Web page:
Familial Hemophagocytic lymphohistiocytosis (FHL) is a rare primary immunodeficiency characterized by a macrophage activation syndrome with an onset usually occurring within a few months or less common several years after birth.
Myopathy, lactic acidosis, and sideroblastic anemia 1
MedGen UID:
1634824
Concept ID:
C4551958
Disease or Syndrome
Myopathy, lactic acidosis, and sideroblastic anemia (MLASA) is a rare autosomal recessive oxidative phosphorylation disorder specific to skeletal muscle and bone marrow (Bykhovskaya et al., 2004). Genetic Heterogeneity of Myopathy, Lactic Acidosis, and Sideroblastic Anemia MLASA2 (613561) is caused by mutation in the YARS2 gene (610957) on chromosome 12p11. MLASA3 (500011) is caused by heteroplasmic mutation in the mitochondrially-encoded MTATP6 gene (516060).
Pseudo-TORCH syndrome 3
MedGen UID:
1708513
Concept ID:
C5394391
Disease or Syndrome
Pseudo-TORCH syndrome-3 (PTORCH3) is an autosomal recessive disorder of immune dysregulation and neuroinflammation apparent from early infancy. Affected individuals have developmental delay with acute episodes of fever and multisystemic organ involvement, including coagulopathy, elevated liver enzymes, and proteinuria, often associated with thrombotic microangiopathy. Brain imaging shows progressive intracranial calcifications, white matter abnormalities, and sometimes cerebral or cerebellar atrophy. Laboratory studies show abnormal elevation of interferon (IFN)-stimulated gene (ISG) transcripts consistent with a type I interferonopathy. The phenotype resembles the sequelae of intrauterine infection, but there is usually no evidence of an infectious agent. The disorder results from defects in negative regulation of the interferon immunologic pathway. Death in early childhood is common (summary by Duncan et al., 2019 and Gruber et al., 2020). For a discussion of genetic heterogeneity of PTORCH, see PTORCH1 (251290).
Immunodeficiency 69
MedGen UID:
1735911
Concept ID:
C5436498
Disease or Syndrome
Immunodeficiency-69 (IMD69) is an autosomal recessive disorder characterized by increased susceptibility to disseminated mycobacterial infection, including after BCG (bacille Calmette-Guerin) vaccination. Affected individuals develop fever, hepatosplenomegaly, leukocytosis, and thrombocytosis during the acute infection. There appears to be normal immunologic function against other pathogens, including viruses and bacteria. Immunologic work-up shows normal parameters, but patient T and NK cells fail to produce gamma-interferon (IFNG) when stimulated in vitro (summary by Kerner et al., 2020). IMD69 is a form of mendelian susceptibility to mycobacterial disease (MSMD) (see, e.g., IMD27A; 209950).
Immunodeficiency 80 with or without congenital cardiomyopathy
MedGen UID:
1786417
Concept ID:
C5543344
Disease or Syndrome
Immunodeficiency-80 with or without congenital cardiomyopathy (IMD80) is an autosomal recessive immunologic disorder with variable manifestations. One patient with infantile-onset of chronic cytomegalovirus (CMV) infection associated with severely decreased NK cells has been reported. Another family with 3 affected fetuses showing restrictive cardiomyopathy and hypoplasia of the spleen and thymus has also been reported (summary by Baxley et al., 2021).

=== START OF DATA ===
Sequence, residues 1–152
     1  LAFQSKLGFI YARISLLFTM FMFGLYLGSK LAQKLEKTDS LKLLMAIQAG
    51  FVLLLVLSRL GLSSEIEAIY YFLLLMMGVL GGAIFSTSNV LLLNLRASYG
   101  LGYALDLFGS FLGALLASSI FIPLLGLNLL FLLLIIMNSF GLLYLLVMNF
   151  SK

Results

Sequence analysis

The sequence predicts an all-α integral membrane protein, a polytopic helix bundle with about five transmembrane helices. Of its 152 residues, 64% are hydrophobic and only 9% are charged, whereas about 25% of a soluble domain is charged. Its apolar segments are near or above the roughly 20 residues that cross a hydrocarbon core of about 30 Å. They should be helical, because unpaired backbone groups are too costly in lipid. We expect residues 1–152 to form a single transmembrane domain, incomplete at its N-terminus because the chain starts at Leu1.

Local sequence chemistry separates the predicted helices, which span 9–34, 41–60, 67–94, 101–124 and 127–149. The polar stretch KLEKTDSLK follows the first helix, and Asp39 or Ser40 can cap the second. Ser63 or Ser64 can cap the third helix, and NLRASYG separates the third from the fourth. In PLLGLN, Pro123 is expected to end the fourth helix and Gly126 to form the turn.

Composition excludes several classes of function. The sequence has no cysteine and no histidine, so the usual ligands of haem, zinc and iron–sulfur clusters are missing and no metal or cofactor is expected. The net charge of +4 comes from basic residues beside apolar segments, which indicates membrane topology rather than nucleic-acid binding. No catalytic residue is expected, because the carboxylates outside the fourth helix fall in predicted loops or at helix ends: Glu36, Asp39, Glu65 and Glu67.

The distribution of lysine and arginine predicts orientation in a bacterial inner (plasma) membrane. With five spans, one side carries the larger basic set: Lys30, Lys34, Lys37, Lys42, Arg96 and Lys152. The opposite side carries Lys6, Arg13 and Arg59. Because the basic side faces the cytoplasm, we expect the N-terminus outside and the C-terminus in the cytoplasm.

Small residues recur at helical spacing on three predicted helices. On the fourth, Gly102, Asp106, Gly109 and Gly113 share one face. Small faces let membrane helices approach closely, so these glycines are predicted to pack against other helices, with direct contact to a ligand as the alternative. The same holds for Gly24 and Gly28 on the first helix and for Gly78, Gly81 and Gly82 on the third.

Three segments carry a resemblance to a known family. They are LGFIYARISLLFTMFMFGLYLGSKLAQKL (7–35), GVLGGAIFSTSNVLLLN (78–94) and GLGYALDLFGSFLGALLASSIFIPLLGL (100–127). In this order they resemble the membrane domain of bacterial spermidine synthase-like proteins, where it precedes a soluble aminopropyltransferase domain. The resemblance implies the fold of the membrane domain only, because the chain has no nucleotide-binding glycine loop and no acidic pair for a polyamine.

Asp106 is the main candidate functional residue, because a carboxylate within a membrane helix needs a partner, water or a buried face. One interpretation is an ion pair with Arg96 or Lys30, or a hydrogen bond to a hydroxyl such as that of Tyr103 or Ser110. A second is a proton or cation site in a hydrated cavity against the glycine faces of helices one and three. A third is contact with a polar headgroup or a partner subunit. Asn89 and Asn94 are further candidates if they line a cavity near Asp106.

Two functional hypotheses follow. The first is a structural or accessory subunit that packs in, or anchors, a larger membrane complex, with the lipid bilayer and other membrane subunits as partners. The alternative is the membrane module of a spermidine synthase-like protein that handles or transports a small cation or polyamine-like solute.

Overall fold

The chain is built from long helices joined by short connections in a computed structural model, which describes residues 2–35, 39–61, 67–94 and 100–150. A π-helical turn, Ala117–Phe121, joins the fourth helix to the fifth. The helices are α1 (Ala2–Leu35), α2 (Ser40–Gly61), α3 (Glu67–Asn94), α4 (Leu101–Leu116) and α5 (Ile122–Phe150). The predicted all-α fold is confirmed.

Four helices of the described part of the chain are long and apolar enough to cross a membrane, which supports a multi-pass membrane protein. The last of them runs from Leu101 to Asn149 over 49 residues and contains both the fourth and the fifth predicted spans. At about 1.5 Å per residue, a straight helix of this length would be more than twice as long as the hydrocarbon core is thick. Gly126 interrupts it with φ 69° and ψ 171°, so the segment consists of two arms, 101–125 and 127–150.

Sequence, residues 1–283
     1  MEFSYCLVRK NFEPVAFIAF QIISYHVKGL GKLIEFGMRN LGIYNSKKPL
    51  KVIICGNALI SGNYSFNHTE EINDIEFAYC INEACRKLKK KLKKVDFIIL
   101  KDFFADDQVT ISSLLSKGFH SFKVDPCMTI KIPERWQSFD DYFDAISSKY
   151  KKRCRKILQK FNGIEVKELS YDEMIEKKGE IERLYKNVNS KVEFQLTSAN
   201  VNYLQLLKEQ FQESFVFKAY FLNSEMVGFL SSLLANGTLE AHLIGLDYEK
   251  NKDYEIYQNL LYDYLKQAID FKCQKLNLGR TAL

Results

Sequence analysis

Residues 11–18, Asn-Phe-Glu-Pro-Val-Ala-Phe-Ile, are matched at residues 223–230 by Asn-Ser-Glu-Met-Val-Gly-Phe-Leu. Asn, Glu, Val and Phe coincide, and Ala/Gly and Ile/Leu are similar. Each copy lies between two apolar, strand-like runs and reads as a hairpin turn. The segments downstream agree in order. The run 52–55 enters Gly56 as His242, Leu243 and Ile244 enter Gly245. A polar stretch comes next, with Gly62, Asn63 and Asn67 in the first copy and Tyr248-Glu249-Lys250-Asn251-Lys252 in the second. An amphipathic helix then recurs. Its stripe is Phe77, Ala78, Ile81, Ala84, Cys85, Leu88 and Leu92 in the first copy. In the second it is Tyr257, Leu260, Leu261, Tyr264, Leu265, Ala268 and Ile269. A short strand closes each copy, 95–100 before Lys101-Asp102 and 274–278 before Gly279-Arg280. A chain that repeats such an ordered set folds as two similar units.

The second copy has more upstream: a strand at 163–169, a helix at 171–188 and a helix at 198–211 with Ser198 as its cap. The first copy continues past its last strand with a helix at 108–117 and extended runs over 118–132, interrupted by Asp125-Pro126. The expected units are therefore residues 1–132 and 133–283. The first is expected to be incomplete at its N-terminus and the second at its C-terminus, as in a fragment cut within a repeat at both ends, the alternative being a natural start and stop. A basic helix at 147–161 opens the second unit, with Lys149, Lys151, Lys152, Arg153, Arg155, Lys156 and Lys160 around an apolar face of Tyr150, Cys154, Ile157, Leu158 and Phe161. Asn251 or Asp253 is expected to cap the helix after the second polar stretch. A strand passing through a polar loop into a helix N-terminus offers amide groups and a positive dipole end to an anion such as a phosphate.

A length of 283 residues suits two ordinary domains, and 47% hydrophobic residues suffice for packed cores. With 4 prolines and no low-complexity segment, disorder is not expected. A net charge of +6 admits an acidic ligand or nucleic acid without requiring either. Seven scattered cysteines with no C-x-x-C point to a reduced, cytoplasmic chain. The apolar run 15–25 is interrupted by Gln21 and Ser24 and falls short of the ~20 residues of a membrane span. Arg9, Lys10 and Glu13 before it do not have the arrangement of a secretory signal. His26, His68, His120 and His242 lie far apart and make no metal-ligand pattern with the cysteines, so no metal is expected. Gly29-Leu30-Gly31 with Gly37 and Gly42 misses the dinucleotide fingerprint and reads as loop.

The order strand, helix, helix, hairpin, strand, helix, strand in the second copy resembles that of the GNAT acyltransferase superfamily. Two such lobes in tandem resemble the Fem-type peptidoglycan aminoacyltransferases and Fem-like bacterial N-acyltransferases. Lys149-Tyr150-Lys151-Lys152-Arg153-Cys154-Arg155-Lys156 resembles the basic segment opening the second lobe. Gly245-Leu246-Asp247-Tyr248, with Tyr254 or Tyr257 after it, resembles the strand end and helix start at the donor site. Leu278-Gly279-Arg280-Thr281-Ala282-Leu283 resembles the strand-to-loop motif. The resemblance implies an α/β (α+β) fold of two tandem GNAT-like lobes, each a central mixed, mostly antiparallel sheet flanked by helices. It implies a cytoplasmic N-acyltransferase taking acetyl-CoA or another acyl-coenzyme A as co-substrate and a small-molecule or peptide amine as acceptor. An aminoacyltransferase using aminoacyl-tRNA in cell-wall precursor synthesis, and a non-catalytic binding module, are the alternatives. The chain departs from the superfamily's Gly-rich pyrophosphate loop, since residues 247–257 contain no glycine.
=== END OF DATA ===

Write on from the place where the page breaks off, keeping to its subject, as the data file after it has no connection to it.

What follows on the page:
Biliary, renal, neurologic, and skeletal syndrome
MedGen UID:
1794200
Concept ID:
C5561990
Disease or Syndrome
Biliary, renal, neurologic, and skeletal syndrome (BRENS) is an autosomal recessive complex ciliopathy with multisystemic manifestations. The most common presentation is severe neonatal cholestasis that progresses to liver fibrosis and cirrhosis. Most patients have additional clinical features suggestive of a ciliopathy, including postaxial polydactyly, hydrocephalus, retinal abnormalities, and situs inversus. Additional features of the syndrome may include congenital cardiac defects, echogenic kidneys with renal failure, ocular abnormalities, joint hyperextensibility, and dysmorphic facial features. Some patients have global developmental delay. Brain imaging typically shows dilated ventricles, hypomyelination, and white matter abnormalities, although some patients have been described with abnormal pituitary development (summary by Shaheen et al., 2020 and David et al., 2020).
Immunodeficiency 97 with autoinflammation
MedGen UID:
1802936
Concept ID:
C5676946
Disease or Syndrome
Immunodeficiency-97 with autoinflammation (IMD97) is an autosomal recessive complex immunologic disorder with variable features. Affected individuals present in the first decade of life with inflammatory interstitial lung disease or colitis due to abnormal tissue infiltration by activated T cells. Patients develop autoimmune cytopenias and may have lymphadenopathy; 1 reported patient had features of hemophagocytic lymphohistiocytosis (HLH; see FHL1, 267700). Some patients may have recurrent infections associated with mild lymphopenia, hypogammaglobulinemia, and NK cell dysfunction. Immunologic workup indicates signs of significant immune dysregulation with elevation of inflammatory serum markers, variable immune cell defects involving neutrophils, NK cells, and myeloid cells, and disrupted levels of T regulatory cells (Tregs). Two unrelated patients have been reported (summary by Takeda et al., 2019 and Thian et al., 2020).